**INVENTORY CONTROL: The Standard Cost Inventory Valuation System Series**

**Standard Cost**

Think of this as a benchmark or a budget. It’s the cost you expect to pay for making a product. This includes materials, labor, and overhead costs.

**Actual Cost**

This is the real cost you incur when you actually make the product.

**Material Price Variance**

**Definition**

This happens when the price you paid for the materials is different from what you expected.

**Example**

If you expected to pay $5 per unit of material but ended up paying $6, the price variance is $1 per unit.

**Material Quantity Variance**

**Definition**

This occurs when the amount of materials used is different from what you expected.

**Example**

If you expected to use 10 units of material to make a product but actually used 12 units, the quantity variance is 2 units.

**Labor Price Variance**

**Definition**

This happens when the wage rate you paid for labor is different from what you expected.

**Example**

If you expected to pay $5 per hour but ended up paying $6 hour, the price variance is $1 per hour.

**Labor Quantity Varianc**e

**Definition**

This occurs when the amount of time spent is different from what you expected.

**Example**

If you expected to spend 10 hours of time to make a product but actually spent 12 hours, the quantity variance is 2 hours.

**Variable Spending Overhead Variance**

**Definition**

The difference between what you expected to spend on variable overheads and what you actually spent.

**Example**

If you expected to spend $2,000 on electricity but actually spent $2,500, the spending variance is $500.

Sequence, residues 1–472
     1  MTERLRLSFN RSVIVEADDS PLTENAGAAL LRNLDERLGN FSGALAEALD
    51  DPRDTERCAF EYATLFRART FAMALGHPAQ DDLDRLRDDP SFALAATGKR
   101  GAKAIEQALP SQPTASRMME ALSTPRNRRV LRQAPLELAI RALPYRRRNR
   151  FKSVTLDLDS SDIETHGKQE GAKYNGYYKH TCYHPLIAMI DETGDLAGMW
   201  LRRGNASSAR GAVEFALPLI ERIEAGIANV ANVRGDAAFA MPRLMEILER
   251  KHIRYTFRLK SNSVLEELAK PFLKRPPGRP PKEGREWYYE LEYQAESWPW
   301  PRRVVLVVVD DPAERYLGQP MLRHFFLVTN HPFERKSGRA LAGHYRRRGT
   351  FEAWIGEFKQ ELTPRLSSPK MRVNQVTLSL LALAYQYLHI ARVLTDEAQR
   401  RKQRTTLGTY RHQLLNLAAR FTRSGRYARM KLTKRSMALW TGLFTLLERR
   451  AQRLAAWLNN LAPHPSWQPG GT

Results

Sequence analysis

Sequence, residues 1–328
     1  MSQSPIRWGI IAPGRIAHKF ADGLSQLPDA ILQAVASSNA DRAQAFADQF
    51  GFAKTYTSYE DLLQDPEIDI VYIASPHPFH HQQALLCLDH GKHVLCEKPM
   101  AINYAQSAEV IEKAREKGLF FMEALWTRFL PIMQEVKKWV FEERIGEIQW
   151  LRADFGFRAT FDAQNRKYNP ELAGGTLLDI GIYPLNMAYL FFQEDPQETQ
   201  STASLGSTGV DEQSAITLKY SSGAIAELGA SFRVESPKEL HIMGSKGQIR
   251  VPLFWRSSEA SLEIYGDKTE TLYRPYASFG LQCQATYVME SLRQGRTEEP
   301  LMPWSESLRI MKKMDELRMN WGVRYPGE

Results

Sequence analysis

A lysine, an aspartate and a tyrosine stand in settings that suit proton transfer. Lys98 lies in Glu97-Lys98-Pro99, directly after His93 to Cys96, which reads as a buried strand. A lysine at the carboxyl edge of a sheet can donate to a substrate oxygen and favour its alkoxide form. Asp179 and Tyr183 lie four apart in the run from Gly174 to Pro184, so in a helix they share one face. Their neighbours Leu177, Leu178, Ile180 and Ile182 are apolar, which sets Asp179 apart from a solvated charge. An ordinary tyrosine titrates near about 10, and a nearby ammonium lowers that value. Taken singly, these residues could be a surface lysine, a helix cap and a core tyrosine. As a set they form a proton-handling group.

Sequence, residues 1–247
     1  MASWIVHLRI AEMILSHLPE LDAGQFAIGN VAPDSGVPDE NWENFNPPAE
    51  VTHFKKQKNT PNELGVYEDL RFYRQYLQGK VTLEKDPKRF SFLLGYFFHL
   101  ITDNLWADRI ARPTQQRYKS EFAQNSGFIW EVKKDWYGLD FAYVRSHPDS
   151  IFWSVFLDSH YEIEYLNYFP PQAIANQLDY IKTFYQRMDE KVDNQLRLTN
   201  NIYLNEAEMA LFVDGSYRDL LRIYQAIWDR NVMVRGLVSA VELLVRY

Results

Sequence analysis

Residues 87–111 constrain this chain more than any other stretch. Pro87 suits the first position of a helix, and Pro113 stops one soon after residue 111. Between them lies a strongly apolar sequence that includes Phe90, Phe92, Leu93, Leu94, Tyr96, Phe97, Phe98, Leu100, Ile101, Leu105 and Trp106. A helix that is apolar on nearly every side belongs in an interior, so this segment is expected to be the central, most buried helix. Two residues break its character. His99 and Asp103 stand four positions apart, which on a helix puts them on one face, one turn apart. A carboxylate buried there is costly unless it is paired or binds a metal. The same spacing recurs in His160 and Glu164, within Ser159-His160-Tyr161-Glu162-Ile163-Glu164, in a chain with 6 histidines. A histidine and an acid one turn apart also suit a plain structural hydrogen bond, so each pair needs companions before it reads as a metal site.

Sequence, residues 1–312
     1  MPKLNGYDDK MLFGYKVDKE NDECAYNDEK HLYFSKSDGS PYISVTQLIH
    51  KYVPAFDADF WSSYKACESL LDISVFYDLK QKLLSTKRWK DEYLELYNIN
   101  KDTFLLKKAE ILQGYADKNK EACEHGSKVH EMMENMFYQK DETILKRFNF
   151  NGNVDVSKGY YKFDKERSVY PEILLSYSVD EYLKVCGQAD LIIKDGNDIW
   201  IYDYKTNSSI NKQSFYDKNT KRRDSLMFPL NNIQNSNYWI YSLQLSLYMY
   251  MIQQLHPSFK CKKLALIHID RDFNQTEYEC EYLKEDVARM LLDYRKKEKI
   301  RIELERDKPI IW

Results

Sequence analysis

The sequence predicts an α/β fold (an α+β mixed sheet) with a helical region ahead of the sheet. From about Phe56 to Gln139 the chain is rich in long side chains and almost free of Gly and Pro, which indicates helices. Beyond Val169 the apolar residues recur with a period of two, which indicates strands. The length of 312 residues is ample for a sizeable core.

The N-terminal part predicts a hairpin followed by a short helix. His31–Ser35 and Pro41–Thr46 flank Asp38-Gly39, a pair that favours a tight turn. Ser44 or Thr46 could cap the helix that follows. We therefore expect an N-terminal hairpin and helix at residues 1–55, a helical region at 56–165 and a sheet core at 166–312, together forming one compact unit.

**Variable Overhead Efficiency Variance**

**Definition**

The difference between the expected and actual usage of the activity base (like machine hours) that drives variable overhead costs.

**Example**

If you expected to use 100 machine hours but actually used 120 machine hours, the efficiency variance would be based on the cost per machine hours.

**Fixed Overhead Budget (Spending) Variance**

**Definition**

The difference between the actual fixed overhead costs and the budgeted fixed overhead costs.

**Example**

If you budgeted $5,000 for rent but actually spent $5,200, the spending variance is $200.

**Variable Overhead Efficiency Variance**

**Definition**

The difference between the budgeted fixed overhead costs based on standard production levels and the applied (or actual) fixed overhead costs based on actual production levels.

**Example**

If you budgeted fixed overhead for 1,000 units but actually produced 1,200 units, the volume variance would measure the effect of producing more or fewer units than expected.

### Part I

Introduction to the

Standard Cost Method

### Part II

Estimating Standard Costs

What To Consider